general arguments in that direction) and remaining silent whenever some exacting institutional conditions needed for transcendental justice cannot be entirely fulfilled (a conclusion that emerges from the special transcendental form that Rawls gives to his theory of justice). IG On this see my "Elements of a Theory of Human Rights. One issue. . because of institutional limitations. important to note that in the version of "contractualism" that Scanlon has developed and explored. A Theory o!lustice (1971). "we do not live in an unjust world.l" In contrast with this negotiational justification of the confinement to local points of view. which requires judgment about what it '~would he reasonable for those affected by a principle to reject. . p. p. and there is. It is important to separate out two possible grounds for Rawls's reluctance.17 Rawls's statement about the need for a "common standpoint" which was quoted (from A Theory of justice) at the beginning of this paper was immediately followed by the invoking of this particular conceptual device: Thus our moral principles and convictions are objective to the extent that they have been arrived at and tested by assuming this general standpoint and by assessing the arguments for them by the restrictions expressed by the conception of the original position. however. italics added." which Rawls has taught us to value and use. precisely because these voices illuminate public decisions and help to make them impartial. Public deliberation can be important and useful both in pursuing institutional reform (even when the totality of the institutional reforms needed for perfection cannot be carried out) and in examining what can be done to reduce injustice-a basic question in the comparative approach to justice---even when not all the right insti. "Rawls. thus.argued and sensitive essay. 453. See' Scanlon's What We Owe to Each Other. remains unaddressed within the transcendental approach. also said. A second reason for Rawls's reluctance is his insistence on linking public reasoning with the contractarian format of the "original position." as Rawls defines this collectivity in his later works) . merely because the reach of institutional possibilities does not prepare us for transcendental justice.!'HE JOURNAL OF PHILOSOPHY TH~~ORY OF JUSTICE 229 of a theory of justice. he had considerable skepticism about the use of public reasoning at the global level. 15 "It is. which will "regulate the institutions" of the society of which he is a mernber. the subject matter of this paper). in which the fairness of the reasoned negotiation is grounded on the demand that the reasoning occurs under a specially conceived veil of ignorance. reason to ask ourselves how this asymmetry arises if the idea of global justice is really such a chimera. 23." 18 Rawls. In the The importance of public reasoning for dealing with global problems of justice is a subject of importance on its own. should not become wholly inoperative merely because the institutional demands of a perfectly just society have turned out to be infeasible. that question about advancement ofjustice (or about reduction of global injustice) can be a fruitful part of the subject matter of the deliberative framework of public reasoning. A non-Rawlsian comparative (rather than transcendental) approach tojustice can be a good conceptual base for such-essentially Rawlsian-public reasoning. A Theary afJustice (1971). But the participants in the deliberation are exactly the parties to the social contract for the society in question." citizenal confinement IS neither necessary nor indeed sensible. TRANSCENDENTAL LOCALISM AND GLOBAL CONCERNS be acknowledged that even though Rawls was a visionary leader of thought on the importance of public reasoning. can significantly affect other people elsewhere. at all dear why we should be reduced to silence. pp." Philose>phy and Public Affain. it must If Nagel is relying on a possible formal interpretation (by stretching a point) that In the absence of an applicable theory of justice it can indeed be said that "we do not live in ajust world.5-56. there is a different approach to impartiality which brings in different voices. possibly even from "a distance" (to use Adam Smith's articulate phrase). a real tension between making good use of public reasoning (drawing on Rawls's powerful. however. with equal ease. which has already been mentioned. have served quite so well as the opening sen tenee of Nagel's finely. It is not. 18 The deliberation thus takes the form of fair negotiation. since the policies and institutions of a nation. It IS not entirely clear to me how Nagel can make statements of this kind given his conviction that the idea of global justice is "a chimera. is the inapplicability of the exacting framework of transcendental justice at the global level. . and also his earlier contribution. "Contractualism and Utilitarianism. and (1999). unless we are forcibly removed from the territory of justice on the ground that transcendental justice is the only satisfactory-or the only understandable-idea of justice. thus. Indeed. XXXIV (Fall 2004): 31." This involves a devised deliberative exercise that would appear to be hard to apply beyond the limits of a particular society (or a particular "people. There is. or state. or "people" as Rawls calls this collectivity. I would argue. however. The question how global justice can nevertheless be advanced remains pertinent to ask. A "public framework of thought.. There is a serious loss here. .15 The challenge of making the world less unjust. so far as justice is concerned. I 16 tutions are III p ace." then he could have. 517. However. A person's voice counts because he or she is directly involved in the social contract." That may not.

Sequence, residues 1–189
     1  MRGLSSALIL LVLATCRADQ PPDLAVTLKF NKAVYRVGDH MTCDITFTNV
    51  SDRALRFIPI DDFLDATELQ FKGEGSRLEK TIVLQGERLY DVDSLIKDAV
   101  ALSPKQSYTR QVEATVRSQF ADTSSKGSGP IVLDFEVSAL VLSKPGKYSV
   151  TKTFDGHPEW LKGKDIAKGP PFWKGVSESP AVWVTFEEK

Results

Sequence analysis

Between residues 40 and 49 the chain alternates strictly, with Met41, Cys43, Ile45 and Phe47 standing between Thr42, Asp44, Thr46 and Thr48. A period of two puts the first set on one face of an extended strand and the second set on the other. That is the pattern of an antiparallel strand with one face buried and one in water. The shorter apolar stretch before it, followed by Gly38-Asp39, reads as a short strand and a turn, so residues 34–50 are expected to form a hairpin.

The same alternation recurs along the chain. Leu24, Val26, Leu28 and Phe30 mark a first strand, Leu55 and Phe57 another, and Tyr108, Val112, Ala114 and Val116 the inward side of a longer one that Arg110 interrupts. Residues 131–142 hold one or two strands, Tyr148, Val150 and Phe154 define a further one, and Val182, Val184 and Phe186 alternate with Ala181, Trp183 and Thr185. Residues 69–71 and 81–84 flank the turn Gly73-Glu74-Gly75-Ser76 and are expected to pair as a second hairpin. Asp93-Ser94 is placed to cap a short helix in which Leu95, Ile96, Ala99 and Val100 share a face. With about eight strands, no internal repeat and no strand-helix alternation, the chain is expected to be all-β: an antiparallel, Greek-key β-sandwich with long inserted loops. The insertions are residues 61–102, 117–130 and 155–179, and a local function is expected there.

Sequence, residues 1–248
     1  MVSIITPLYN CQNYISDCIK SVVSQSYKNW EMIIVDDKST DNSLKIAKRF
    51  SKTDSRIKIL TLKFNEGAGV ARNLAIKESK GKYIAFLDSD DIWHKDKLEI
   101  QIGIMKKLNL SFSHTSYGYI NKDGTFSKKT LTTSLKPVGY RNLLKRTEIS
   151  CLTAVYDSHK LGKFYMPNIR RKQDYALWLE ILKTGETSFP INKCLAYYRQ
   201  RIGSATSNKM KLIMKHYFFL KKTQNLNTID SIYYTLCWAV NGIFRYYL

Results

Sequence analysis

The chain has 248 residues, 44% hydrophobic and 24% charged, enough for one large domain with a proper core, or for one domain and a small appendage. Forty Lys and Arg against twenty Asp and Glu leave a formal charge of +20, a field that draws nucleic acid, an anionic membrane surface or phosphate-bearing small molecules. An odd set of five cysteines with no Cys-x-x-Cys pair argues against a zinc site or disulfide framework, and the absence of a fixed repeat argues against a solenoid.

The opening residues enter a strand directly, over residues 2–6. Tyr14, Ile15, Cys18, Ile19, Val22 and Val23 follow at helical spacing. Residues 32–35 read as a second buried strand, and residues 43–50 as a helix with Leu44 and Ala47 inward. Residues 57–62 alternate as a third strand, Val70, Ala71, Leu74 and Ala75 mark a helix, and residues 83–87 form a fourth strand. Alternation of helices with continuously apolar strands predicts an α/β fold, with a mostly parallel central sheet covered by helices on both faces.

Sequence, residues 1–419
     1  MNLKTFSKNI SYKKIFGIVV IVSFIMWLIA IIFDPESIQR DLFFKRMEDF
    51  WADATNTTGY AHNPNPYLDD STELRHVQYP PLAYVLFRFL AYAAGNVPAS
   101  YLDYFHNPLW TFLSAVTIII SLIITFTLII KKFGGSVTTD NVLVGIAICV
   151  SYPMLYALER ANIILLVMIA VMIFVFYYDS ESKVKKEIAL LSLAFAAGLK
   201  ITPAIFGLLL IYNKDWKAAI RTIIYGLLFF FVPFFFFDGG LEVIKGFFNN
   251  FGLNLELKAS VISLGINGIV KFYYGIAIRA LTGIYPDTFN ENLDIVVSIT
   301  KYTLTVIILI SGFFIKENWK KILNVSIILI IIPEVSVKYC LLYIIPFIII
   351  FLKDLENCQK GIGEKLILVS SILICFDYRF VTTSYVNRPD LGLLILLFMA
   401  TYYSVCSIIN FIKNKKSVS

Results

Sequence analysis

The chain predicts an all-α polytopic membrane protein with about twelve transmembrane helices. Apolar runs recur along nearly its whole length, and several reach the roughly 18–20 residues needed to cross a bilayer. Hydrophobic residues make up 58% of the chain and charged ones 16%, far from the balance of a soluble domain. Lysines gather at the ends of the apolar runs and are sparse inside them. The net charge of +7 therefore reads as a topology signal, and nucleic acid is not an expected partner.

9 (September 2002): different type of difficulty. LOCAL INTERESTS. whereas Smith's impartial spectators are typically invoked for contrasting alternatives to throw light on specific issues of advancement or retardation of justice in a comparative approach. 1999). . including distributive ones.the or~gmal POSItion. and (3) additio~al knowledge about w~a\:s feasible can be acquired from the experiences of other countnes. and their impartiality does not come. which may be 21 The Rawlsian formulation of the "original position" suffers also from a further problem in specifying the allegedly fixed set negotiators when. while there is a procedural requirement of ignorance of personal interests. there is nothing to prevent the imagined fair arbitrators from undertaking the exercise of placing themselves in the position of the parties involved under a devised veil of ignorance. so that fair arbitration can make good use of the insights that may come from fair negotiation.ent yea~s to attempts to consider a "cosmopolitan" version of. Also. rather than ~egotiation. on this see my Deuelopment as Freedom (New York: Knopf. invokes the judgments of disinterested observers who are not themselves parties to the societal decisions that are to be taken. A second difference arises from the fact that the impartial observers may be imagined as coming from far as well as near. for example. . On the first subject (that is the interests of people beyond borders which may be significantly affected). 220n the last issue. the arbitrators need not themselves be parties to th~ dispute. AND PAROCHIALISM The reasons to go beyond the contracting parties in a nation state include at least three distinct concerns: (1) the interests of other people may be affected (for example. for policies against poverty) I~ SIgnificantly Influenced in the contemporary world by learning from the expenences-sllccesses and failures--of other countries. nothing is demanded about the knowledge and approbation of shared beliefs-and prejudices-of the society in which these individuals happen to live. further pursue here this rather ?: '" Sen. populauon l~volved. the arbitration approach. personal aims. for example. about global justice that have led m r~c. as in the Rawlsian system. Th~ approach of fair arbitration is well exemplified by Smith's mvokmg of the perspectives of "impartial spectators. and personal circumstances. While the imagined impartial judges may find it useful to ask inter alia what things would look like had they actually been . (2) the. they could also be seen as bnngmg perspecuves that are altogether different from the ones generally accepted in the local society and culture. was discussed. exclusively-or even primarily-through the thought experiment of a veil of ignorance about the personal circumstances of ind~vidual members of a given society." this 445-69. local parochialism shared by all (or nearly ~ll) th. for gender justice). "Open and Closed Impartiality. results ot th.~ negotiation can change the size and composltJOn of the. so that the interests of people in other countnes.and conventions would look to others. since both are merely thought experiments that must be undertaken. it is worth mentioning that the understandmg in dltferc~t countries of social feasibilities (relevant. but not entirely reared in. . Rather. "Open and Closed Impartiality. In the Rawlsian exercise.20 . whIch. this is more like arbitration. in the Smithian system of fair arbitration. . I have argued elsewhere that the interpretation of fairness and impartiality through an understanding of "fair ar~itra:ion" is a serious rival to the route of "fair negotiation. in effe~t.th~ involved parties (here the exercise would be. that society.THE JOURNAL OF PHILOSOPHY THEORY OF JUSTICE 231 terminology of conflict resolution. JOURNAL. as Smith has argued). an? economic feasibilities (relevant. In itself this may not seem like a big difference. ThIS problem of "indusionary incoherence" (as I called It). there are two sources of substantial difference between the Smithian and the Rawlsian procedures." The impartial spectators are imagined observers who need not be members of the society. however." GLOBAL PERSPECTIVES. XCIX." or for that matter what is called the "war against terror"). ~ather slmIl~r to the Rawlsian one). in an earlier essay m this . including people who are informed about. the thought expenment by members of society. by national policies on "global warming. In contrast. the. the Sml~hJanapproach does not have. by the people in the actual society. However. what the Smithian model of fair arbitration demands is that the people in any society must put in an effort to examine how their own practices . within the respective formats. with questions being asked about how the decisional problem would look to those who may have had different social and institutional experience (a question of some importance.e persons within a given society may call for a distant challenge in ." which IS the exclusive direction in which the contractarian feature of Rawls's transcendental approach-'Justice as fairness"-proceeds. the contractarian approach standardly proceeds toward identifying the demands of transcendence (the principal inquiry in the original position is aimed at the demands of ajust society). allows the possibility of taking note of some of the broader co~cerns. First. .the m~erest of objectivity. among other issues." I shall not.Journal.